Sounds ridiculous, right? How can you get more done by sleeping more?
The answer follows the idea of, '"work smarter, not harder."
Lack of sleep can lower your productivity by impacting your memory, reaction time, and judgement.
What Happens When You Don't Get Enough Sleep?
There's no "one-size fits all" approach to sleep.
On average, an adult needs about 7-9 hours of sleep per night.
Studies show that being awake for 17-18.5 hours can have the same impacts on our judgment, memory, creation time, and spatial awareness as having a blood alcohol level of (BAC) of 0.05%. Being awake for 17.75-19.6 hours has similar impacts to having a blood alcohol level of 0.1%.
In many regions, the legal limit to drive is 0.08%.
The results are clear!
A lack of sleep impacts your body similarly to being drunk.
Jagmeet has been awake for 18 hours. Bob has had a few drinks. They both need to write a report. Which of the following is most true?
Putting It Together
How does this impact your work?
Tasks you finish will be of lower quality, risking the chance they need to be redone.
You will have poorer judgment, increasing the chance of a mistake.
There will be more mistakes, which means more time spent correcting them.
Sleep deprivation increases the chance of mistakes.
And mistakes take time to correct.
There is another impact:
It takes longer to complete tasks while sleep deprived.
You are a more efficient worker when you get a good night's sleep. Meaning you can spend the same amount of time working, but complete more tasks.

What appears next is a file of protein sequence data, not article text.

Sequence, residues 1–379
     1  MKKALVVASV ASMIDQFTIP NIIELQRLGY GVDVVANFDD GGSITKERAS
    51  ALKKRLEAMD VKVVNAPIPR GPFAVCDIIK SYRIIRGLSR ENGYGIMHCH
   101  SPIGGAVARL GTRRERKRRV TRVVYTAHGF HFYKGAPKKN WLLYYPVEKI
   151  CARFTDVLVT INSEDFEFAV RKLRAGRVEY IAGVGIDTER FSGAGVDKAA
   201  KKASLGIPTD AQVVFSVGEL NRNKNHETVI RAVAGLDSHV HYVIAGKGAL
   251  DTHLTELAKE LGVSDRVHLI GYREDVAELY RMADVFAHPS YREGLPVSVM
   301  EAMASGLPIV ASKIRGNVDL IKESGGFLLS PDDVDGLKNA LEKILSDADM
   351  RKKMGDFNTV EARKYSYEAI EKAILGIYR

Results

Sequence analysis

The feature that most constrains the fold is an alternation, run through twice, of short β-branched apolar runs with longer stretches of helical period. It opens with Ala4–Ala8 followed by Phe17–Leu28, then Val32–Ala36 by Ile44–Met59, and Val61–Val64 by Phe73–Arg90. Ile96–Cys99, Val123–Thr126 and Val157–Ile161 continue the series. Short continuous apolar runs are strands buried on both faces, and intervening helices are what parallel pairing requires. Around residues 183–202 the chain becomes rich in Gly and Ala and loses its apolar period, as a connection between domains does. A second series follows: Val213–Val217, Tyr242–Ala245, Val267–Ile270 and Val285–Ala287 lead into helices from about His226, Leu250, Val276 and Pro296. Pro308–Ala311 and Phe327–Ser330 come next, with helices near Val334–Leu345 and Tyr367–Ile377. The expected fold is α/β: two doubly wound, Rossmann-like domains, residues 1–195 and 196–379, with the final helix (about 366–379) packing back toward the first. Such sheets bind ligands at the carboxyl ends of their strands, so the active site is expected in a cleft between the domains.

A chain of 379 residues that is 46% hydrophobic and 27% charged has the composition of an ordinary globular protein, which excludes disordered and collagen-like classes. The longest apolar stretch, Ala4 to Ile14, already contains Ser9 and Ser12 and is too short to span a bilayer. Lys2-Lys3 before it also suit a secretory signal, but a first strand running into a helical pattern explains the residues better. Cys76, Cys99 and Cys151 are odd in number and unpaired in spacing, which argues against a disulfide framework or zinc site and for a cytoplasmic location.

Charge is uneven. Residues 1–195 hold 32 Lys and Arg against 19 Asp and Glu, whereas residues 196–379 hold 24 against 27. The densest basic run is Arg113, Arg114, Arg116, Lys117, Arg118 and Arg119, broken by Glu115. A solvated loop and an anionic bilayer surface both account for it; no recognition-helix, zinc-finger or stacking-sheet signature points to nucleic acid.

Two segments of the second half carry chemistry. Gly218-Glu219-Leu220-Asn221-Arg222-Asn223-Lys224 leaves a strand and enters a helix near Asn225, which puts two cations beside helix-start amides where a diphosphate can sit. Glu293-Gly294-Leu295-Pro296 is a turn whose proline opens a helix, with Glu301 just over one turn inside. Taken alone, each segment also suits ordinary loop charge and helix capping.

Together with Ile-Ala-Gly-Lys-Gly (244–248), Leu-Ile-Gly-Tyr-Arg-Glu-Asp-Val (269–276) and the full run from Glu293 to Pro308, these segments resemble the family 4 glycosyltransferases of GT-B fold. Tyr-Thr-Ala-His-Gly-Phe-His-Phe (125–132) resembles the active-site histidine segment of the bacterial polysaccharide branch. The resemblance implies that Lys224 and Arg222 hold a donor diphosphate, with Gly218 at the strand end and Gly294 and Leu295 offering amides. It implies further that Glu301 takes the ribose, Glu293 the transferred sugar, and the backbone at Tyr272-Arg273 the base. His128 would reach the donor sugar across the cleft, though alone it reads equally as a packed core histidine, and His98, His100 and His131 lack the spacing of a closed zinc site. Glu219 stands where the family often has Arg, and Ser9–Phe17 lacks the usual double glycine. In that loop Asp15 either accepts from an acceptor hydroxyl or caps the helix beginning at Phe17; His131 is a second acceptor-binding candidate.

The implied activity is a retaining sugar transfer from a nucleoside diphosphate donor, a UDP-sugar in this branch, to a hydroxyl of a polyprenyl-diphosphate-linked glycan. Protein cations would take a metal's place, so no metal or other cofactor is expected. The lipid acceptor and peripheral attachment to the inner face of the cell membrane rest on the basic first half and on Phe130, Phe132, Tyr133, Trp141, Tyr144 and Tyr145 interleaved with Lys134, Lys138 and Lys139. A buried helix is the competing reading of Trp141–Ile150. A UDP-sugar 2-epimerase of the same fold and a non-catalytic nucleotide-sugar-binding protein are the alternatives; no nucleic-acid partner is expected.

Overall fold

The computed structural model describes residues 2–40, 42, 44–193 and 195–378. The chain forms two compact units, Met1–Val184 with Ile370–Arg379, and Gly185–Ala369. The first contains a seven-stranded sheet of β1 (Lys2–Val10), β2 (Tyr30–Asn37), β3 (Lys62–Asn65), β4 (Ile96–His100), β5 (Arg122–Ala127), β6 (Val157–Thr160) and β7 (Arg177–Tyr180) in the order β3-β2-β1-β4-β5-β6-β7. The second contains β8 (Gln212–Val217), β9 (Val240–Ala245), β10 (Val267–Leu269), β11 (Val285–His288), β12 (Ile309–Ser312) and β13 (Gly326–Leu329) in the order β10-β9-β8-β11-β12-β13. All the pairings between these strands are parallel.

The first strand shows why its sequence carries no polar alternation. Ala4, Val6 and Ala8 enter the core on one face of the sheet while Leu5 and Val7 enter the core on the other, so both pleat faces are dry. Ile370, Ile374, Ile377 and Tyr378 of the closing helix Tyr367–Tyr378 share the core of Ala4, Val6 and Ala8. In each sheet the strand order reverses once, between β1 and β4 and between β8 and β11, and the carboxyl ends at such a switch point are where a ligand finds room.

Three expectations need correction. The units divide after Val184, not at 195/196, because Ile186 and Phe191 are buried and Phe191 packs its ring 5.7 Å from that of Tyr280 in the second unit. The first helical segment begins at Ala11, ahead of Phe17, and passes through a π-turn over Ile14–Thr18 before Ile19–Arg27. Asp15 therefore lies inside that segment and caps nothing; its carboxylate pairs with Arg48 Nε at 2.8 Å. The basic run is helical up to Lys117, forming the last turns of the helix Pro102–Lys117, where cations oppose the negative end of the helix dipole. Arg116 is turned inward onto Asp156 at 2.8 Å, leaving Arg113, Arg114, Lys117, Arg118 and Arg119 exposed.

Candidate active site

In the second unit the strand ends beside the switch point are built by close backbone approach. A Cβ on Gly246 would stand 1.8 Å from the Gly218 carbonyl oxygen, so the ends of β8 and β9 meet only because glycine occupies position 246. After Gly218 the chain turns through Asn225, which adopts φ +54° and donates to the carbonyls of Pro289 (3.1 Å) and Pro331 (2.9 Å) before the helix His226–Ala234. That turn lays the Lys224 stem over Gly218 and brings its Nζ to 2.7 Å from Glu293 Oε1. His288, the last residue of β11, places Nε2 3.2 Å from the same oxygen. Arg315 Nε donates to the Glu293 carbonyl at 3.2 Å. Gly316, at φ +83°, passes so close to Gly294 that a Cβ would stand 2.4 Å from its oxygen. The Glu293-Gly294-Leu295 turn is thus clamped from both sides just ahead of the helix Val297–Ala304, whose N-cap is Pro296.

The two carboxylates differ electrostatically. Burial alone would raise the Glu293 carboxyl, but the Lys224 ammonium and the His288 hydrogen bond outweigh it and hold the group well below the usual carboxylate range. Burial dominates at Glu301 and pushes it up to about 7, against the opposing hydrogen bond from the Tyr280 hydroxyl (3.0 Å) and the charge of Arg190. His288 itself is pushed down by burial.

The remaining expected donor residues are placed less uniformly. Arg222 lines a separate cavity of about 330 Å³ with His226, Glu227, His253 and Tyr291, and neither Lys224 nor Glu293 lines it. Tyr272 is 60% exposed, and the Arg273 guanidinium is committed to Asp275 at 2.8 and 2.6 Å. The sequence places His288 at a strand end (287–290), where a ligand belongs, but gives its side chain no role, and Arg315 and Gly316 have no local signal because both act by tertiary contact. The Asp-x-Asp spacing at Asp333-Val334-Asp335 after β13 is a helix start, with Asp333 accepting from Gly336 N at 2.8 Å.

You boost your productivity for the day.
Productivity is about more than work.
A lack of sleep can make learning new things harder.
It will take longer to read articles.
Making progress on your hobbies may be more difficult.
Things like cooking dinner or planning outings take more time.
Can you think of other ways that you are productive in your life outside of work?
You've written a report at 3am after being awake for 19 hours. Which of these might happen?
How To Get A Better Night's Sleep
There are many resources out there to get a good night's sleep. Here are some quick tips to consider:
Increase exposure to light during the day
Exercise during the day, but not before bed
Don't drink caffeine in the evening
Reduce blue light (light from screens) in the evening
Wake up and go to bed at consistent times
Consider a pre-sleep routine to help you relax, such as meditation.
If you have difficulty sleeping, consider seeing a doctor to rule out or diagnose a potential sleep disorder.
Lack of sleep can impact your productivity at work or daily activities.
We live in an era where people brag about how much they work and how little sleep they get.
Not only is this damaging to our health, but may actually make us less productive workers.
Count sheep, take a nap, turn off your phone, and get dreaming!
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